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From an award-winning political journalist, the story of how LGBT activists pushed Obama to embrace gay rights--transforming his presidency in the process.
Gay rights has been a defining progressive issue of Barack Obama's presidency: Congress repealed Don't Ask, Don't Tell in 2010 with his strong support, and in 2011, he instructed his Justice Department to stop defending the Defense of Marriage Act, helping to pave the way for a series of Supreme Court decisions that ultimately legalized same-sex marriage nationwide. This rapid succession of victories is astonishing by any measure--and is especially incredible considering that when Obama first took office he, like many politicians, still viewed gay rights as politically toxic. In 2008, for instance, he opposed full marital rights for same-sex couples, calling marriage a "sacred union" between a man and a woman. It wasn't until 2012, in the heat of his reelection campaign, that Obama finally embraced marriage equality.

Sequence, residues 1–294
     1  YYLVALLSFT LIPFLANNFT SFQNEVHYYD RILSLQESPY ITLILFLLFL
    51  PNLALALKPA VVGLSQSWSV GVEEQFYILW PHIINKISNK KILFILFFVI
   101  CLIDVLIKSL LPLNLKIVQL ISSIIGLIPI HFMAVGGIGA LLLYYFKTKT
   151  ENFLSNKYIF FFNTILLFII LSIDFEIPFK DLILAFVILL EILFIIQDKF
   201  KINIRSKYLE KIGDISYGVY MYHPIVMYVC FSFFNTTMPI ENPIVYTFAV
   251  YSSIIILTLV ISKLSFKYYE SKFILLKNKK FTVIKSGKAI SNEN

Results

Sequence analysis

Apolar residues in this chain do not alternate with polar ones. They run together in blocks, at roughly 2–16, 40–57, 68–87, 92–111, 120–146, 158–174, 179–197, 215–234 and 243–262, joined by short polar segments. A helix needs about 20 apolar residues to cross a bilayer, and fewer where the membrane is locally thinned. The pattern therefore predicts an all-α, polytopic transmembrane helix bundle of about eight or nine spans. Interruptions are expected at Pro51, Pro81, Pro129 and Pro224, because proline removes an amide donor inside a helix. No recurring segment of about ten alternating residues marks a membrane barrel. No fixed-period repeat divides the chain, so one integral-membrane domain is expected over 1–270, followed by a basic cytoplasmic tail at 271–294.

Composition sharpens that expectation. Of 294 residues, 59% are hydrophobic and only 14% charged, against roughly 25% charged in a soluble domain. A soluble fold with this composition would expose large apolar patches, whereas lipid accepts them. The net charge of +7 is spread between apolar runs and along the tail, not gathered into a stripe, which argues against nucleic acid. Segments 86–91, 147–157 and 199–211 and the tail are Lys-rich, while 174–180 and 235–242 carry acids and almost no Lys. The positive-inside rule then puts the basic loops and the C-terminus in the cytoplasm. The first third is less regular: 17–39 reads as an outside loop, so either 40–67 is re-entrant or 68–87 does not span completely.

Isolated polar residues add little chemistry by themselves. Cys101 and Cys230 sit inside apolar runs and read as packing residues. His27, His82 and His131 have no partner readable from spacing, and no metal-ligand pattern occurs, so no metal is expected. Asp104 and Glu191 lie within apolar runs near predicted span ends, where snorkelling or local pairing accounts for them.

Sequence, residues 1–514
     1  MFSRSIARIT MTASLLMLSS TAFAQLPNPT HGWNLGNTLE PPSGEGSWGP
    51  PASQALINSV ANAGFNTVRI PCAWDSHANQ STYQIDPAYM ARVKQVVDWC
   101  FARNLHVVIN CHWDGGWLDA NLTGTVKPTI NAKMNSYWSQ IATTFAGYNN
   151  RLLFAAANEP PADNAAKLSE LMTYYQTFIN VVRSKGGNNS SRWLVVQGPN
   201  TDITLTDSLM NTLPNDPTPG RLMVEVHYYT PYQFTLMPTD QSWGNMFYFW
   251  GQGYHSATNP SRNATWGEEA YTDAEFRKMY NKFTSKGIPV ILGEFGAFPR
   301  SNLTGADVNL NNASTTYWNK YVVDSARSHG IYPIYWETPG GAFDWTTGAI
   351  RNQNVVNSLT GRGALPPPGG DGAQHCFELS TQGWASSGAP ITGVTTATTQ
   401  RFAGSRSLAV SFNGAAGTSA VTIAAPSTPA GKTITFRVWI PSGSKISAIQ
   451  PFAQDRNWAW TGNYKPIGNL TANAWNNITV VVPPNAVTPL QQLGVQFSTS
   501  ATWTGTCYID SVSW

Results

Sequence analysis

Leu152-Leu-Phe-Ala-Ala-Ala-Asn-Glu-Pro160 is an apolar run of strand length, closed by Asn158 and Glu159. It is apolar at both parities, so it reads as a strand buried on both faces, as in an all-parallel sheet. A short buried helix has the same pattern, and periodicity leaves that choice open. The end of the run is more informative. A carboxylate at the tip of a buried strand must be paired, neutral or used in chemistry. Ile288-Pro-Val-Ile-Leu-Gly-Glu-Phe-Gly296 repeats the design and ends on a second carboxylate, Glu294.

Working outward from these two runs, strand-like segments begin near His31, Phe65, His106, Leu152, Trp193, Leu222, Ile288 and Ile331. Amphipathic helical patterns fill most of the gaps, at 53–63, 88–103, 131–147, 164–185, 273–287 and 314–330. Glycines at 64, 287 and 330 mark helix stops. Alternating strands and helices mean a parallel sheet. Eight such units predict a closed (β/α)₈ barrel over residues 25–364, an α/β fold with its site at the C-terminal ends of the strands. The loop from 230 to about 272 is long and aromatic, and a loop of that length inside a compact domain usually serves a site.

In Don't Tell Me to Wait, former Advocate reporter Kerry Eleveld shows that Obama's transformation from cautious gradualist to gay rights champion was the result of intense pressure from lesbian, gay, bisexual, and transgender activists. These men and women changed the conversation issue by issue, pushing the president and the country toward greater freedom for LGBT Americans. Drawing on years of research and reporting, Eleveld tells the dramatic story of the fight for gay rights in America, detailing how activists pushed the president to change his mind, turned the tide of political opinion, and set the nation on course to finally embrace LGBT Americans as full citizens of this country.
With unprecedented access and unparalleled insights, Don't Tell Me to Wait captures a critical moment in American history and demonstrates the power of activism to change the course of a presidency-and a nation.